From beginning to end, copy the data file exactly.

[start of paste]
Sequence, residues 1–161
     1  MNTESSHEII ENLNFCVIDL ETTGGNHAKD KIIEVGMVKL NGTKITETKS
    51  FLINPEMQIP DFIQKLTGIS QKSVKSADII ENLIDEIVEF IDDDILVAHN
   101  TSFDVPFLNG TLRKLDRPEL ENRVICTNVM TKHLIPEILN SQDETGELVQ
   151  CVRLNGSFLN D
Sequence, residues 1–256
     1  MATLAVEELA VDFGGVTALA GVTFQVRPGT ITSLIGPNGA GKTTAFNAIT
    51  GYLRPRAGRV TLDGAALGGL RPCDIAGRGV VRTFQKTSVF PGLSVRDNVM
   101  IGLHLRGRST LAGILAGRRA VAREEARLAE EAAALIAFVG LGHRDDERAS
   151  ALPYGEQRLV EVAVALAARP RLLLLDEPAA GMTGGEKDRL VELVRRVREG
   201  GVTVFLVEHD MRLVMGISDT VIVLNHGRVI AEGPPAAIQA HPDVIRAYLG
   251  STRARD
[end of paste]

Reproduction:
Sequence, residues 1–161
     1  MNTESSHEII ENLNFCVIDL ETTGGNHAKD KIIEVGMVKL NGTKITETKS
    51  FLINPEMQIP DFIQKLTGIS QKSVKSADII ENLIDEIVEF IDDDILVAHN
   101  TSFDVPFLNG TLRKLDRPEL ENRVICTNVM TKHLIPEILN SQDETGELVQ
   151  CVRLNGSFLN D
Sequence, residues 1–256
     1  MATLAVEELA VDFGGVTALA GVTFQVRPGT ITSLIGPNGA GKTTAFNAIT
    51  GYLRPRAGRV TLDGAALGGL RPCDIAGRGV VRTFQKTSVF PGLSVRDNVM
   101  IGLHLRGRST LAGILAGRRA VAREEARLAE EAAALIAFVG LGHRDDERAS
   151  ALPYGEQRLV EVAVALAARP RLLLLDEPAA GMTGGEKDRL VELVRRVREG
   201  GVTVFLVEHD MRLVMGISDT VIVLNHGRVI AEGPPAAIQA HPDVIRAYLG
   251  STRARD